Cortisol Effect on Maternal Pain in the Labor Environmental Settings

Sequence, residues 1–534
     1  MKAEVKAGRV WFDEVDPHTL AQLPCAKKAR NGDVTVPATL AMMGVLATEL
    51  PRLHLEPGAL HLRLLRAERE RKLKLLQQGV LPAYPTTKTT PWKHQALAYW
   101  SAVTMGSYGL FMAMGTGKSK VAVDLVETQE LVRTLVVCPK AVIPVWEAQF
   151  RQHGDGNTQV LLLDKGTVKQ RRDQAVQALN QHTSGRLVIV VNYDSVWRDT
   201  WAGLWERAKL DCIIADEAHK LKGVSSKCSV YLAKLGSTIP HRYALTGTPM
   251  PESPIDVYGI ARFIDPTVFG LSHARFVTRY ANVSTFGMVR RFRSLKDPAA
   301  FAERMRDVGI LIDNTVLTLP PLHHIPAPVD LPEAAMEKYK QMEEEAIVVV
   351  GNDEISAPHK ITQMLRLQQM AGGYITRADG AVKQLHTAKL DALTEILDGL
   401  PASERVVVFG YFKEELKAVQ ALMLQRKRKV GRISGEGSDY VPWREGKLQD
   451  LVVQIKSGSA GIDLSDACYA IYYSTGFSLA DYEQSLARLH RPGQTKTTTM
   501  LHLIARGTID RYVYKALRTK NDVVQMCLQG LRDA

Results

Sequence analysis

A safe and satisfactory birth experience depends on some degree of stress experienced by a woman giving birth. Fear and anxiety can disrupt the subtle neuro-hormonal influences that drive labor and birth, allowing for intervention at delivery and associated with greater potential risk to life for the well-being of women, infants and families. Setting the delivery environment is one of the nonpharmacological methods to divert attention from maternal pain. This study aims to determine the effect of cortisol hormone on maternal pain in the setting of labor environment. This research uses quasi experimental method of pre post test with control group design with 60 mothers in SelfEmployment Midwife (in Bahasa Indonesia, it was abbreviated as BPM). Test statistical analysis using Mann-Whitney Test, T Test and Double Regression Test. The results obtained were: there was a difference of average pain between treatment and control group at T1 (4,97 vs 5,67; p = 0,109), and at T3 (8,27 vs 8,50; p = 0,218), whereas in T2 the mean pain of the treatment group was lower than in the control group (6.70 vs 7.30, p = 0.039). There was no effect of percentage increase of cortisol level with labor pain (P> 0,05). Conclusion of this research there was no effect of cortisol on maternal pain in labor environmental setting.